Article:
Clinical Challenges in the Treatment of Patients With Posttraumatic Stress Disorder and Substance Abuse

Ingo Schäfer; Lisa M. Najavits

Disclosures

Curr Opin Psychiatry. 2007;20(6):614-618. 

In This Article

Pharmacological Treatment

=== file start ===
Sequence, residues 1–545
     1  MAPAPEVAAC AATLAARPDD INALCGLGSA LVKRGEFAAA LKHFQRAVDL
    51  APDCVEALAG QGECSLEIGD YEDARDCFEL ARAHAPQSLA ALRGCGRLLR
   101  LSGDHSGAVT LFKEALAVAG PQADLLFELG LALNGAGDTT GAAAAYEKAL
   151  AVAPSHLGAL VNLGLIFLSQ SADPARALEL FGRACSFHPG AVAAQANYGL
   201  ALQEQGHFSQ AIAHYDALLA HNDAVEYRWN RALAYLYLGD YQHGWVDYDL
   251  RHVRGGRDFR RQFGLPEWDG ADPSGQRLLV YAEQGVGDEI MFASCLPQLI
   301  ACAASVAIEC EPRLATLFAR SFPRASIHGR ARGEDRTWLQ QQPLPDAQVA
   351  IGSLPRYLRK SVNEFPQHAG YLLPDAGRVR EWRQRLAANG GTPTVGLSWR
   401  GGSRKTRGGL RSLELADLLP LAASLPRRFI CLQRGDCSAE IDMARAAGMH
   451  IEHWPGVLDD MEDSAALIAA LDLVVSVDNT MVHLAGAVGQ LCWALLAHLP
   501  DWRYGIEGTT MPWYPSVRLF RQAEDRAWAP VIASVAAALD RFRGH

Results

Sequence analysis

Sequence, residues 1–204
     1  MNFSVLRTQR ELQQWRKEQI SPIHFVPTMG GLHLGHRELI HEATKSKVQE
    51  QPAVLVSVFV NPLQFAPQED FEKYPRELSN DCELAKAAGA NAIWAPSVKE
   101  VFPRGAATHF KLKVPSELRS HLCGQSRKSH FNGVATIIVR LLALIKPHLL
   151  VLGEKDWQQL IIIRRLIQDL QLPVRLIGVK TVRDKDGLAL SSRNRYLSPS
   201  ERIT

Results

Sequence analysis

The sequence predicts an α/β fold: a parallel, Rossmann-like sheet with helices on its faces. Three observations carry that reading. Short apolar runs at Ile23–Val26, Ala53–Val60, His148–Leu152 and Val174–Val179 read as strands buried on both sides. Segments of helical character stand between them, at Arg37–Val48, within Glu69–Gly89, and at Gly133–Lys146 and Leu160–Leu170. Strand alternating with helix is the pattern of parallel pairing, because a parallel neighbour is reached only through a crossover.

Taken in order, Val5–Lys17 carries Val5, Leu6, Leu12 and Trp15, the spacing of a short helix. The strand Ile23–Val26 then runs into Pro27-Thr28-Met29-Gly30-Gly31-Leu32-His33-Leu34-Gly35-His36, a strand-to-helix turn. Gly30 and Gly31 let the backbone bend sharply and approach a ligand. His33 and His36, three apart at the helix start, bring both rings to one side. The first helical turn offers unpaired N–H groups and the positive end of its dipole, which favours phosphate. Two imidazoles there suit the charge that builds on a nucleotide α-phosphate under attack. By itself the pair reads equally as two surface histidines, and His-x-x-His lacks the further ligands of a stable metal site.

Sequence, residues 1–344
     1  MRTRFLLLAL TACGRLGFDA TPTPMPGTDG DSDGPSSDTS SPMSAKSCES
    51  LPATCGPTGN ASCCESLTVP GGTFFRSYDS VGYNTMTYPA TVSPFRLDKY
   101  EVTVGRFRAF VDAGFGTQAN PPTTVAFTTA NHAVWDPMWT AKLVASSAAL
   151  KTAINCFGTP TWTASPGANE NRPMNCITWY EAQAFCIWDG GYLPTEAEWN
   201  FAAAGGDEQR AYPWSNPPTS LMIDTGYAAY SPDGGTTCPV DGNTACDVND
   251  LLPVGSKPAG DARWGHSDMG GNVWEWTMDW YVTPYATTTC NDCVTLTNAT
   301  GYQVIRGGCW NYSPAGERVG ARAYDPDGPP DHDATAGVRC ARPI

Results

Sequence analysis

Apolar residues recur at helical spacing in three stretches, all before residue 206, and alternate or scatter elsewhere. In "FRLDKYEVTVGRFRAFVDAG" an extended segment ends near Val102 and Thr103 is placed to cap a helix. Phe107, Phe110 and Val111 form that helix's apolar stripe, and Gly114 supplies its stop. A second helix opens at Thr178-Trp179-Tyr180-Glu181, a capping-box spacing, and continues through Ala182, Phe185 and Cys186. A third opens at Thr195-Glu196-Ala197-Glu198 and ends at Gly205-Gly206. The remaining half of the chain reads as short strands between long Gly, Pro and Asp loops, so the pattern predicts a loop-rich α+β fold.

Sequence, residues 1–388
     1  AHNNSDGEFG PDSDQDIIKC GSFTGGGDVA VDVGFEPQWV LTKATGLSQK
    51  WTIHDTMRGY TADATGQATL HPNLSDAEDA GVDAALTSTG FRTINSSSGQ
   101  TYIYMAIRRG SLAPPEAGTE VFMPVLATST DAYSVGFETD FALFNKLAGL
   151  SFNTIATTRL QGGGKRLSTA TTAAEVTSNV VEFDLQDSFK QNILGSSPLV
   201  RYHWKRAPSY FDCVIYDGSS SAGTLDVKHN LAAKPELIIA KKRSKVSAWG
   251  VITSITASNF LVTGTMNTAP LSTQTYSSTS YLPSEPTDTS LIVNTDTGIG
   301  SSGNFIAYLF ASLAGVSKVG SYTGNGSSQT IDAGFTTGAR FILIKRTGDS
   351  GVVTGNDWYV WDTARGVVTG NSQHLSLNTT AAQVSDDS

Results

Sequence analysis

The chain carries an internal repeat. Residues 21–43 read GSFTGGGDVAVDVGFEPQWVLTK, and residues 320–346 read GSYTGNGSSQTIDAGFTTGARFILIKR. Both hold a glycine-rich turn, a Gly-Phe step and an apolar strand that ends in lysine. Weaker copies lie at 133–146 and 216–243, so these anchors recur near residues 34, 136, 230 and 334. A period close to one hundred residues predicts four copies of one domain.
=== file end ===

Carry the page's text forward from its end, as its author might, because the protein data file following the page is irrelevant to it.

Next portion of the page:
Only a few studies to date have examined pharmacological treatments in PTSD/SUD patients. In one study, Trafton et al.[57] assessed the effects of opioid substitution therapy among 255 opioid-dependent veterans. In this prospective observational trial, substitution therapy was as effective at reducing substance use in patients with comorbid PTSD as it was in patients without the disorder. One year after treatment both groups showed similar reductions in substance use, but patients with PTSD received higher doses of opiate medication and attended more psychosocial treatment sessions. In another study, Brady et al.[58] examined the effects of sertraline in 94 alcohol-dependent patients with PTSD in a randomized, double-blind, placebo-controlled trial. Patients in active treatment received a fixed dose (150 mg/day) of sertraline over a 12-week period. Examination of average alcohol consumption during the treatment period revealed no significant differences in the sertraline and placebo groups. Furthermore, no significant difference in response was found for symptoms of PTSD. However, in a post-hoc cluster analysis,[58] a significant improvement became apparent in sertraline-treated participants with less-severe alcohol dependence and early-onset PTSD. Finally, a recent trial compared the effects of disulfiram and naltrexone with placebo in male veterans with alcohol dependence and different comorbid psychiatric disorders.[59*] Patients received either disulfiram or no disulfiram and were in addition randomized to naltrexone or placebo, resulting in four different study groups. Of the 93 patients with PTSD and comorbid alcohol dependence, individuals receiving naltrexone, disulfiram or both medications had better outcomes after 12 weeks of treatment than the placebo group in terms of drinking days per week and consecutive days of abstinence. In addition, favorable effects on PTSD symptoms were observed in patients with disulfiram compared with those on naltrexone. However, as the authors point out, several limitations make the interpretation of these results difficult, including the potentially confounding effect of abstinence and the open administration of disulfiram. Nevertheless, the findings of this study suggest that both medications are safe and effective for alcohol-dependent patients with PTSD and should be considered for clinical management.

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